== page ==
10. A social environment consisting of an informal, vague group of people with a uniting interest; their sphere of activity; a subculture.

Derived terms

Translations

See also

  • proscenium

Verb

scene (third-person singular simple present scenes, present participle scening, simple past and past participle scened)

  1. (transitive) To exhibit as a scene; to make a scene of; to display.

Anagrams

  • cenes, cense, sence

Danish

Etymology

Via Latin scaena from Ancient Greek σκηνή (skēnḗ, scene, stage).

Pronunciation

  • IPA(key): /seːnə/, [ˈseːnə]
  • Homophone: sene

Noun

scene c (singular definite scenen, plural indefinite scener)

  1. stage (platform for performing in a theatre)
  2. scene (section of a film or a play)
  3. scene (a setting or a behaviour)

Inflection

Derived terms

  • iscenesætte
  • sceneri
  • sceneshow

Italian

Noun

scene f pl

  1. plural of scena

Middle French

Etymology

First known attestation 1486, borrowed from Latin scaena.

Noun

scene f

  1. stage (location where a play, etc., takes place)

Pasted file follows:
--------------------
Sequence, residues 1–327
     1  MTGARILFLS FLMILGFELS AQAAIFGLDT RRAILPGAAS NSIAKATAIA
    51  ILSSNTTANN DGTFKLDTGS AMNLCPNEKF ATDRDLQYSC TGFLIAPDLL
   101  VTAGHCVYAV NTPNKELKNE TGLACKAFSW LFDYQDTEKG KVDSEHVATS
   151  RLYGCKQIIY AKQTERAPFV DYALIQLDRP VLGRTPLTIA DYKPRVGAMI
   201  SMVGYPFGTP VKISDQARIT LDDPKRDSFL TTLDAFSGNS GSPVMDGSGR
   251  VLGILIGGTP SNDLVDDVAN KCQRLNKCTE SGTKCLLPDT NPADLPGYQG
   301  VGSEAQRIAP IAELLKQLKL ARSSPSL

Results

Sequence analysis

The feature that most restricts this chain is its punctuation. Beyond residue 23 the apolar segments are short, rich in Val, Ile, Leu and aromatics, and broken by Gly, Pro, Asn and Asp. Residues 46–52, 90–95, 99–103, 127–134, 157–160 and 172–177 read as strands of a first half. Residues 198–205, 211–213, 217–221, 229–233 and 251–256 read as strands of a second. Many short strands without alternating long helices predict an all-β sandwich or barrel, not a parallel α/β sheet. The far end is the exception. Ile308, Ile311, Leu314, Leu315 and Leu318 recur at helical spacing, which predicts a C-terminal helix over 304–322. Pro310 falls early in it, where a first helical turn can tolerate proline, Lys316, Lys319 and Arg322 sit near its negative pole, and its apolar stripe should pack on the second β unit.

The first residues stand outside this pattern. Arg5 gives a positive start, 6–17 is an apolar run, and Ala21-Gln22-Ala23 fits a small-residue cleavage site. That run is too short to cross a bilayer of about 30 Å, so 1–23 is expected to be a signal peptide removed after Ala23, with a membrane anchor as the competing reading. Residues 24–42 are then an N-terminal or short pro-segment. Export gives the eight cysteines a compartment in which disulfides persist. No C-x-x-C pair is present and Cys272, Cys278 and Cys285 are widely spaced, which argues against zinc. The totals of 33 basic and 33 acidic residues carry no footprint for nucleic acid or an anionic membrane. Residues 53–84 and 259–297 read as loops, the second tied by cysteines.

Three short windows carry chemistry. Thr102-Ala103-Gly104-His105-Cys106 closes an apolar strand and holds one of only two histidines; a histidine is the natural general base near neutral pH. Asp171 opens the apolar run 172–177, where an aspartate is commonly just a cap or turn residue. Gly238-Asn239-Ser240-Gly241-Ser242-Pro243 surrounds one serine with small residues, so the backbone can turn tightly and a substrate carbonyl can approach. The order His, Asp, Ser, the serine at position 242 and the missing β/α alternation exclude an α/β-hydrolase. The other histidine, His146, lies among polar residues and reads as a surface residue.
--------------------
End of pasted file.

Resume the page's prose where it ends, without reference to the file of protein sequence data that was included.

References


Norwegian Bokmål

Alternative forms

  • sene

Etymology

From Ancient Greek σκηνή (skēnḗ, scene, stage), via Latin scaena

Noun

scene m (definite singular scenen, indefinite plural scener, definite plural scenene)

  1. a stage (in a theatre)
  2. a scene (in a film or play)

Derived terms

  • iscenesette
  • sceneshow

References

  • “scene” in The Bokmål Dictionary.

Norwegian Nynorsk

Alternative forms

  • sene

Etymology

From Ancient Greek σκηνή (skēnḗ, scene, stage), via Latin scaena

Noun

scene m (definite singular scenen, indefinite plural scenar, definite plural scenane)
scene f (definite singular scena, indefinite plural scener, definite plural scenene)

  1. a stage (in a theatre)
  2. a scene (in a film or play)

Derived terms

  • sceneshow

References

  • “scene” in The Nynorsk Dictionary.

Old English

Etymology

From Proto-West Germanic *skaunī, from Proto-Germanic *skauniz.

Pronunciation

  • IPA(key): /ˈʃeː.ne/

Adjective

sċēne

  1. Alternative form of sċīene

Declension